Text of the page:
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post #1 of 9 (permalink) Old 11-19-2019, 02:04 PM Thread Starter
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Default Lion Trimmer

I hope this is the correct place to post my question.

Over the weekend, I helped a friend clean out his fathers workshop so he could get ready to have a sale on some used tools. He found an old Lion Trimmer that needs a lot of TLC so he was going to bring it to the scrap yard to sell. In another life, we owned a custom frame shops and I had a floor mounted chopper that was made in Norway and I explained to Paul that it was the best miter cutter out there, he asked me if I wanted it and when I said yes, he just gave it to me.

I know there are several people on the forum who own Lion Trimmers and I am wondering if there is somewhere that I can obtain a parts breakdown sheet. I don't know if there is an owners manual since this is a very easy tool to use, I am looking for a place that might have replacement parts such as the springs that hold the guides in place or a recommendation on where to get the blades sharpened. Yhank you for the help.
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post #2 of 9 (permalink) Old 11-19-2019, 02:19 PM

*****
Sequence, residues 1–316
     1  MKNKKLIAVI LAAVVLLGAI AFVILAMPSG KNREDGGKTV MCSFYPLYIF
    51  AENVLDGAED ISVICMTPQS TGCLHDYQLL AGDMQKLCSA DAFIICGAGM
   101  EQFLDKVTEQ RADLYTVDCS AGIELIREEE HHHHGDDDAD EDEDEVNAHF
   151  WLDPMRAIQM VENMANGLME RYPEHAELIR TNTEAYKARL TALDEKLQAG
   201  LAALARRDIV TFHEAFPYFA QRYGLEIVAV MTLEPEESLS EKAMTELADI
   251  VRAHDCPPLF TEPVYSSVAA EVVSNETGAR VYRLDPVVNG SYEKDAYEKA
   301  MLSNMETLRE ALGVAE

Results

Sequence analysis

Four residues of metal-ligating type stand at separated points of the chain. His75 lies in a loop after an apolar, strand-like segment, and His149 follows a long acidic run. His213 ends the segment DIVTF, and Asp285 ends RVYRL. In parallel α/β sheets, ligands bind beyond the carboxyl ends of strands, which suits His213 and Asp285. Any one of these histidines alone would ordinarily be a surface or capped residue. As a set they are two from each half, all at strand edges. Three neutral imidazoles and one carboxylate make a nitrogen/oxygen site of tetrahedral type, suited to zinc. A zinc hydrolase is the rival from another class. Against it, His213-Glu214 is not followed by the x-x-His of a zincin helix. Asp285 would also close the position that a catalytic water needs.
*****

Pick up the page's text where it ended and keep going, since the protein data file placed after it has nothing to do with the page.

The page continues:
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I wonder just how close a clone the Lee Valley and Grizzly ones are? That is a pretty old tool so the chances that the patents expired are pretty high so one or both of them may be exact copies (they could even be made in the same factory if LV's doesn't have the Veritas name on it).

Someone I consider a master woodworker once told me that a master woodworker is not someone who never makes mistakes. He is someone who is able to cover them up so that no one can tell.
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post #3 of 9 (permalink) Old 11-19-2019, 02:33 PM
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clone close...

This would have been the week that I'd have finished chewing thru the restraints...
If only new layers hadn't been added....

Stick....
Forget the primal scream, just ROAR!!!
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post #4 of 9 (permalink) Old 11-19-2019, 04:09 PM
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Here ya go...have fun with it...I know I do...it also tells you how to make certain cuts...you probably know already...

The knives can be had from Highland Woodworking...
Attached Files
File Type: pdf 77A55 - Lion Miter Knife Parts.pdf (48.0 KB, 55 views)

Nick

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Last edited by Nickp; 11-19-2019 at 04:12 PM.
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post #5 of 9 (permalink) Old 11-19-2019, 06:18 PM
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I used one for several years to fit trim for cabinetry. If I was still making a lot of furniture I would make sure I had one in the shop. It is amazing how thin trimmings can be.

Just remember this is a trimmer and not a chopper.

Mike
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post #6 of 9 (permalink) Old 11-20-2019, 12:19 PM